By Clair Goodwin
Special to The Globe
So what separates the really good players from the great players?
Talent? Of course, that is the first and most significant component for winning. But no less vital are course management and courage. You have not only must have game, as the pundits would say, but you must know how to use it.
Let’s face it, if you have a lousy swing and can’t maneuver the ball from right to left, left to right, high or low, you can’t win. No one will walk away toting the U.S. Open trophy by topping, popping, slicing or snap hooking the ball around a course set up for the national championship.
A winner needs the courage to handle mounting emotional pressures for 18, 36, 54 and 72 holes. I’ve never played in the Open, but I know that the atmosphere is so emotionally charged that you can feel it. Nerves fray, hands shake, a kaleidoscope of thoughts (most of them negative) flash through your mind.
At least, that’s how I feel over a $1 Nassau putt on the 18th green.
Ben Hogan had nerves of steel, it was said. He never flinched, never backed off and always had a target score that he thought would be sufficient to win. He had the game, the confidence and the determination. But he didn’t always win.
Hogan’s record in playoffs is not all that good. Sam Snead opined that because Hogan set target scores that he thought should win, he wasn’t prepared mentally and emotionally if it didn’t. Then he had trouble regaining his focus and confidence for a playoff.
On the flip side, some players undoubtedly lose because of overconfidence. They are so certain that they will win or that they can hit a certain shot, they are unable to recover when things go awry as they so often do in golf.
In short, winning is not for the faint of heart, whether in USGA or professional settings or in a local club tournament.
Indeed, the same requirements — clarity of thought and managing one’s emotions — apply to winner at all levels of the game, whether you are a Jack Nicklaus or a Tiger Woods competing in a major championship or a Fred Flintstone teeing it up in the Ice Box Open.
Over the years, I have known literally dozens of players who have the necessary skills to win tournaments. But they never do. It isn’t because they are not trying hard enough, but more likely that they are trying too hard. They take the normal pressure of tournament golf and then double it by thinking too much.
Golfers come in a variety of sizes, shapes and, most important, attitudes.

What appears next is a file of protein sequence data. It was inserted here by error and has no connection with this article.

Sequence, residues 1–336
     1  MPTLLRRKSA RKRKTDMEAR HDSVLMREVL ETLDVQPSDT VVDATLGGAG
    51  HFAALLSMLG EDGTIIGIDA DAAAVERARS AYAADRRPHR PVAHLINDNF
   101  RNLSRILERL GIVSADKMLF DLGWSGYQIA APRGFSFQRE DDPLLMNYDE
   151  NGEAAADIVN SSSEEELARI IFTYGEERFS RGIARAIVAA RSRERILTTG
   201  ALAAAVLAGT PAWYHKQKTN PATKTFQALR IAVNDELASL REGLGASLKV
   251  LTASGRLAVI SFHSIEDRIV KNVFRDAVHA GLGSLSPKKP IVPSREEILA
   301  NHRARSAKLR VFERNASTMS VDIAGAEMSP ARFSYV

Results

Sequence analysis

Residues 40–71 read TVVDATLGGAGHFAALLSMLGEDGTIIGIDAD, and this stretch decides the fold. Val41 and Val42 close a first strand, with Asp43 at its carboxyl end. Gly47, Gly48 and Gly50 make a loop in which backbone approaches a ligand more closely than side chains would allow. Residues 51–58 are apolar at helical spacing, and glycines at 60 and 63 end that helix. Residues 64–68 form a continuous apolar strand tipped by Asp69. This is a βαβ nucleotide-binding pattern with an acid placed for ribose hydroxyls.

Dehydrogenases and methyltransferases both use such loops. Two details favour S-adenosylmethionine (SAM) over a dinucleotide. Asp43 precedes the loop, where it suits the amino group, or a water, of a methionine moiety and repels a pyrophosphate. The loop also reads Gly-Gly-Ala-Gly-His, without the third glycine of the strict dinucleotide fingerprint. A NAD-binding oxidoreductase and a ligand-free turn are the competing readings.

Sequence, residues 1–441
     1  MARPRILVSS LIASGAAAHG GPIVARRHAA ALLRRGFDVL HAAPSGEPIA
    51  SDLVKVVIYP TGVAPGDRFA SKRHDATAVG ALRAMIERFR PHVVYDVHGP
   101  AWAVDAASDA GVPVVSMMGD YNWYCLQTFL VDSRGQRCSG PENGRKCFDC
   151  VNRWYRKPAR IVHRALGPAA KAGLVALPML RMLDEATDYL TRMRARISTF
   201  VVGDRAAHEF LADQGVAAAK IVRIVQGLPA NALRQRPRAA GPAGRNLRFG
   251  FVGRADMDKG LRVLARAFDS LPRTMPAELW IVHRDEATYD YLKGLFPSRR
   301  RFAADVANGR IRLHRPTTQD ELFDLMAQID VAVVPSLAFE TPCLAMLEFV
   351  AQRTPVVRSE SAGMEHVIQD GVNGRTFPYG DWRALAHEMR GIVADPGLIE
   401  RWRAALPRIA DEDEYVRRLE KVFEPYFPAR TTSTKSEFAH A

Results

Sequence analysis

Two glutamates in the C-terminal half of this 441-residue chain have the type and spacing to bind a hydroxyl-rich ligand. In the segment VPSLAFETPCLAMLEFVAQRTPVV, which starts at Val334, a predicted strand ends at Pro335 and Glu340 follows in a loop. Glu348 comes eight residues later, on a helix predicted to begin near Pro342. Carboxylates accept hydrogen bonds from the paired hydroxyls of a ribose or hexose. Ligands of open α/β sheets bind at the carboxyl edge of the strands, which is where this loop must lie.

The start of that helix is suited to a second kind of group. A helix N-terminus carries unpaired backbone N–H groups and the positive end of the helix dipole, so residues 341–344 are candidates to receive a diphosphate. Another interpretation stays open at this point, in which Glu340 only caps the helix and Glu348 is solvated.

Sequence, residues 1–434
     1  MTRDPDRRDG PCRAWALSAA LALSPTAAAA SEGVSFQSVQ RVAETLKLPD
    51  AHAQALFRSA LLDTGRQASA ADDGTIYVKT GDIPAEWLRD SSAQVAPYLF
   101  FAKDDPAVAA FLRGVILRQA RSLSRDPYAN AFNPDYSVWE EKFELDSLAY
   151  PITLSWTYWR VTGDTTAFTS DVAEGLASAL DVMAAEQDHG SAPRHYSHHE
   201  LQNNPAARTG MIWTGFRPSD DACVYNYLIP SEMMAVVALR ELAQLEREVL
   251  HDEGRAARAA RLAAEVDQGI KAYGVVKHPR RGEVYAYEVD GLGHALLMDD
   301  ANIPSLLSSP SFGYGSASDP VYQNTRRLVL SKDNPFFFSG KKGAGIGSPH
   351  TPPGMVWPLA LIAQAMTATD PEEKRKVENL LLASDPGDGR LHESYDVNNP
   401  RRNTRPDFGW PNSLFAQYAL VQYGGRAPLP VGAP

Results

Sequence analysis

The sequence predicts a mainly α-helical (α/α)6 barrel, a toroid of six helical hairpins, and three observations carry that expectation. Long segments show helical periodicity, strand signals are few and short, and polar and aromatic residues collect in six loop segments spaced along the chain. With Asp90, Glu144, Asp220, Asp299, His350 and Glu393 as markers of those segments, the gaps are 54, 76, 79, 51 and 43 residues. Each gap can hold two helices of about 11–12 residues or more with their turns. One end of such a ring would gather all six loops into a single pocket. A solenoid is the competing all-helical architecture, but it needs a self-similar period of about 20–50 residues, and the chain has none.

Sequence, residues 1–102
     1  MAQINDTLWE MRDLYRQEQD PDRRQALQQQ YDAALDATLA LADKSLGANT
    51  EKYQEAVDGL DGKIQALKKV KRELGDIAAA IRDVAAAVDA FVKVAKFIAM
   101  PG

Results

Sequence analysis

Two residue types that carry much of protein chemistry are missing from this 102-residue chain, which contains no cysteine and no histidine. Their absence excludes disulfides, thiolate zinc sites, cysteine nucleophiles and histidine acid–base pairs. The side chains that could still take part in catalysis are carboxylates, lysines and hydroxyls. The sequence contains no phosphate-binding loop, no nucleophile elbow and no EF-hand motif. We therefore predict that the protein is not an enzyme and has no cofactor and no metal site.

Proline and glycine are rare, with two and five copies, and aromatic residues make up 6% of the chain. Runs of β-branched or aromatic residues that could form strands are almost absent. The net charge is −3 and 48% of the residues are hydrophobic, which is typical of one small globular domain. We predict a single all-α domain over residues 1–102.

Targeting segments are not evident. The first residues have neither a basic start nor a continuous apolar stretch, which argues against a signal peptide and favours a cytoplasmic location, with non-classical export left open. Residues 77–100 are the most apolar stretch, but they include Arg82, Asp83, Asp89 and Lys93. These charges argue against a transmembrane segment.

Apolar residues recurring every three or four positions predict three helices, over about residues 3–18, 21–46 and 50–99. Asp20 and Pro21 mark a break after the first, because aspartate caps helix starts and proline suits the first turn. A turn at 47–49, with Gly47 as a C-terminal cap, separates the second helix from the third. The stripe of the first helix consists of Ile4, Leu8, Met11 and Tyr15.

One very good golfer I knew simply would give up if he had a bad hole or two. He might get angry enough to hit his putter off the tee or for his approach. Yet, he was intensely competitive when things were going well.
Another golfer that I knew refused to play in tournaments even though he clearly had the game to compete. His enjoyment came in playing among his buddies and trying to shoot a good score rather than collecting prizes and trophies.
Most golfers with whom I’ve played over the years were highly competitive. They love putting a dollar or two on the line. The competition juices flowed in their own groups, but it didn’t always carry over to tournaments.
Some people equate confidence with courage. Confidence suggests that you know your game, what you can do and what you cannot do. Courage has its time and place, such as needing a birdie on the final hole and deciding to go for it despite a long carry over water. There is a time and place for confidence and courage, but courage can be a blinder and encourage overconfidence. Stupid choices can ruin a good round.
I truly don’t think that any definition of “good golfer” has universal application. People arrive at “good” or even “great” from different directions. Jack Nicklaus and Hogan were consummate managers of their games and the courses. Tiger Woods is flashy and the greatest putter I’ve ever seen. A Corey Pavin tends toward the conservative side, while the approach of Bubba Watson is to go for broke.
Winning begets winning. Whatever game you have, whether conservative, liberal, feel or managed, you can accomplish what you want. You just have to commit, make good swings and get a little lucky. And the degree of commitment ultimately will decide who or what you are on the golf course.
Dick Mansfield was a friend and an avid golfer. His memory is being honored on June 14 with the Dick Mansfield Memorial two-person scramble at Carthage Golf Course.
Entry fee is $120 per team. A shotgun start is scheduled at 1 p.m. Prizes will be based on the number of entries. For additional information and to register call the pro shop at 417-237-7030. Entry deadline is June 10.